The Town Council voted 5-0 to approve a $74.7 million budget for fiscal year 2023 before a few town employees and a handful of viewers on Zoom in a special session at Town Hall Monday night. The budget was the only agenda item.
What does this mean for residents? For homeowners, the tax rate is going from $21.01 to $21.42 per $1,000 assessed value, a 41 cent increase. For someone with a house assessed at $500,000, the tax bill will go up by $205, to $10,710.
The new fiscal year starts July 1.
The commercial property tax rate will go from $23.25 to $24.39 per $1,000 assessed value. And the commercial personal property tax will increase from $30.23 to $31.77, with a $2,500 exemption.
This Town Council separated the three rates in 2019, their first year in office, to be able to leverage taxes paid by larger commercial businesses to offset residential property taxes. While the tax rate continues to increase, the rate of increase for homeowners the past three years was just below 1 percent. This year, the rate of increase is 1.95 percent.
“I think it was a good budget because it addressed a number of objectives,” said Town Council President Mark Schwager after the meeting. “We’ve tried to keep the tax rates reasonable and this year there were more stresses, including inflation and salary increases.”
“This is a tight, responsible budget,” said Vice President Mike Donegan during the meeting. He noted the commercial rates, particularly the personal property (also called the tangible) rate were still well below that of nearby communities.
Councilor Caryn Corenthal, who is a teacher, said it had been a “horrible year” for teachers in general, noting “Covid, mask requirements, book banning, phony CRT discussions and lately the most ridiculous thing of all, arming teachers…. So, in my opinion, teachers probably deserve bonuses. But on the other hand, my job as an elected official, it’s my job to represent the taxpayers…. The bulk of our money goes to the schools so I think it’s reasonable for me to ask questions regarding the school budget.”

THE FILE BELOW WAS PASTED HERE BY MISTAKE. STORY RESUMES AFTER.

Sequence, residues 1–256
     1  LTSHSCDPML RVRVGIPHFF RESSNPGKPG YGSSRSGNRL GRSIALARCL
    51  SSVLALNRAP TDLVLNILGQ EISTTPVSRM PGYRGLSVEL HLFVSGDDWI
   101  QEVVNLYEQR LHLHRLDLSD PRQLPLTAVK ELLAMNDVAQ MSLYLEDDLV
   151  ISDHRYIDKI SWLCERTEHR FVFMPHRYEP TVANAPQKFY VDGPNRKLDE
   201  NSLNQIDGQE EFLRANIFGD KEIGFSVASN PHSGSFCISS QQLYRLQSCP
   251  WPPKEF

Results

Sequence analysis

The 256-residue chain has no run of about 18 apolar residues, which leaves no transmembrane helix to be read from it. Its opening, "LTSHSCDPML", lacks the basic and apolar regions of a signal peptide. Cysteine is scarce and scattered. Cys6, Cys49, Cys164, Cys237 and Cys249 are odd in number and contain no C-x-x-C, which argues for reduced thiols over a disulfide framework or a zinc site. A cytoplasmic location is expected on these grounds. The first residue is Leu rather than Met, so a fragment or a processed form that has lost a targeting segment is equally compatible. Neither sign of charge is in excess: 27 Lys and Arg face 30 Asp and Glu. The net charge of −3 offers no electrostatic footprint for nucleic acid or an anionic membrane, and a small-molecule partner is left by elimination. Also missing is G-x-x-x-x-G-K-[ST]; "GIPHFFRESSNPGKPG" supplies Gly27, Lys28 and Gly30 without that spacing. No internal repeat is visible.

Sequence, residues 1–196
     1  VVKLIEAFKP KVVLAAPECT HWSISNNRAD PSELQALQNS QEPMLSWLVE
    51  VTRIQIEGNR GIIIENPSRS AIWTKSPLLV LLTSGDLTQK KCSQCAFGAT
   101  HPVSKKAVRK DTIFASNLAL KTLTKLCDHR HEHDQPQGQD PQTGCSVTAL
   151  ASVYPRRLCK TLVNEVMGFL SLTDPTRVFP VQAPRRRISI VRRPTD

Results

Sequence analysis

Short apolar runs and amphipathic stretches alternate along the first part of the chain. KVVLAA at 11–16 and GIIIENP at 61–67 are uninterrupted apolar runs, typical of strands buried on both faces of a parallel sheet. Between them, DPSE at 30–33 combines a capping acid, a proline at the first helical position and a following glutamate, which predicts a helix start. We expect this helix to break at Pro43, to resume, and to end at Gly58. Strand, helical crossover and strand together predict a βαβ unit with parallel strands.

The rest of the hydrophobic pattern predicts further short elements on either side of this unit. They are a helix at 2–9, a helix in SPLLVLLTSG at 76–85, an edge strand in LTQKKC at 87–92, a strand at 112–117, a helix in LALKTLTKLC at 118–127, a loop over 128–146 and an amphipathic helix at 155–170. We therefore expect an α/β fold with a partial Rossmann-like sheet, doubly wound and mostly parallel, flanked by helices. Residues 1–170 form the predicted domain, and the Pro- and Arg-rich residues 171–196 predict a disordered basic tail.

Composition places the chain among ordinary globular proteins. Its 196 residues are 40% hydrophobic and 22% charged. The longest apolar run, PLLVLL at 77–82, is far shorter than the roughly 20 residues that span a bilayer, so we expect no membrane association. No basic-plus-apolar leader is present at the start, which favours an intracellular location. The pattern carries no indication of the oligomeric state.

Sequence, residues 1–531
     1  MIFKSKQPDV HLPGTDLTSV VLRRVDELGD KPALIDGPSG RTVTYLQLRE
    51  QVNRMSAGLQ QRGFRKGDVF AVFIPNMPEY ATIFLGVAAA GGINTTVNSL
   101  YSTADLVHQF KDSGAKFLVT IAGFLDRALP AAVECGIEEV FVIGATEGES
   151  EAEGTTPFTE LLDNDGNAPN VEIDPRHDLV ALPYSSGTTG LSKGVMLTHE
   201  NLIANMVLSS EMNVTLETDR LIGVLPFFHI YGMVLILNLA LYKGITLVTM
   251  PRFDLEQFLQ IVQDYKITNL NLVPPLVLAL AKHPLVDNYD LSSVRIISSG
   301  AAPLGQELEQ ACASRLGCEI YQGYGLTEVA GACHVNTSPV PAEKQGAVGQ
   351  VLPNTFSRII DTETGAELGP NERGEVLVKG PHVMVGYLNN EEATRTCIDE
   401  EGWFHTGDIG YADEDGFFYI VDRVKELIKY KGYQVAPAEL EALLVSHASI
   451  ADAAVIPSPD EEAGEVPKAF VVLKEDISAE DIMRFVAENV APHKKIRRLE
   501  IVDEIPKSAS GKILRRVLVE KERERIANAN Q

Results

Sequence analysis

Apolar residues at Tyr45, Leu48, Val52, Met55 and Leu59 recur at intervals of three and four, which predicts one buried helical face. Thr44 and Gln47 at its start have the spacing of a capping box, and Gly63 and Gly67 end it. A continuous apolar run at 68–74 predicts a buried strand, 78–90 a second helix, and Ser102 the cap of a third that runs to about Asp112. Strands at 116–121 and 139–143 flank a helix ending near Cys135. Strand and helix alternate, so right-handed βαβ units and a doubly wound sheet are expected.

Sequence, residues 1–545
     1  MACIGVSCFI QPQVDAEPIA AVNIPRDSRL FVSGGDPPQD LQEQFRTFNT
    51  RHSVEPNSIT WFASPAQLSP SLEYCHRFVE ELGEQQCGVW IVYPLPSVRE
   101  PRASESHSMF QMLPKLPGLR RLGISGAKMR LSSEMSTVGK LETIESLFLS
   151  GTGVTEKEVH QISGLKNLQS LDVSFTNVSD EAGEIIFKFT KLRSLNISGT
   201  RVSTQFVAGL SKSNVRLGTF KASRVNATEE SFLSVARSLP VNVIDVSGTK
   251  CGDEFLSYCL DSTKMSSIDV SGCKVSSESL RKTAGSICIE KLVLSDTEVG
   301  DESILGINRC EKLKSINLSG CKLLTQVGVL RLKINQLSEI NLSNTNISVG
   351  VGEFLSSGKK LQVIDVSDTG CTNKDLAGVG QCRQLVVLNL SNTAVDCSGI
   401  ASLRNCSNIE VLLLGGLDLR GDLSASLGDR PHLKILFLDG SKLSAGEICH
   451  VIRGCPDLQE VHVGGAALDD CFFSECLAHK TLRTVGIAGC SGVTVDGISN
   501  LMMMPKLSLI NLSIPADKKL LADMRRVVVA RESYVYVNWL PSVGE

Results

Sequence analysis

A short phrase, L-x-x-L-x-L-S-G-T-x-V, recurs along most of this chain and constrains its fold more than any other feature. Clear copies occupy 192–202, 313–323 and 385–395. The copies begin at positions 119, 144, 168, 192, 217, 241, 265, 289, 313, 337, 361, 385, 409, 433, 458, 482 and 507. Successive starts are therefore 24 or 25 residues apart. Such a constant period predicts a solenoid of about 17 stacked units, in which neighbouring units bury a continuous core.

The budget gives the schools $38.7 million, $500,000 less than the School Committee requested. At the School Committee meeting Tuesday, Chair Anne Musella said the panel would take up how to handle that gap at their next meeting, based on recommendations from Supt. Alexis Meyer. Town Manager Andy Nota has suggested and Town Council members have supported the idea that the committee could use money from its fund balance rather than make cuts (read more HERE).
Musella noted they had gotten good feedback from parents and others about the clarity of the district’s budgeting process this year and expressed frustration over comments made publicly questioning the district’s budgeting process.
“I just don’t understand how anyone can say on a good faith basis that ‘you don’t know what you’re doing,’” she said, seeming to refer to comments made by Councilor Corenthal at earlier budget meetings.
The budget approved Monday did not include the $5 million wastewater treatment budget EG News has included in earlier articles – the charter does not name a date by which the wastewater treatment budget must be finalized and because it is paid for by user fees, it does not have any bearing on property taxes.
Find past budget articles here:
Councilors Say Schools Don’t Need Large Surplus
Tensions Flare Despite Spoken Shared Vision
Nota Proposed $79.6 Million Budget for FY2023
Find a link to the Town Manager’s budget HERE.
Just what a downward spiraling economy needs, more taxes! Why can’t we just be fiscally conservative here? We are paying all these taxes but what are we getting? Any nice parks, playgrounds, new schools, nice roads and sidewalks, community pool, ice rink, dog park, fields, courts, how about a community recreational center for people young and old to enjoy? Quality of life is key!
You are getting set up for the $100 Million school bond boondoggle. Wanna Bet?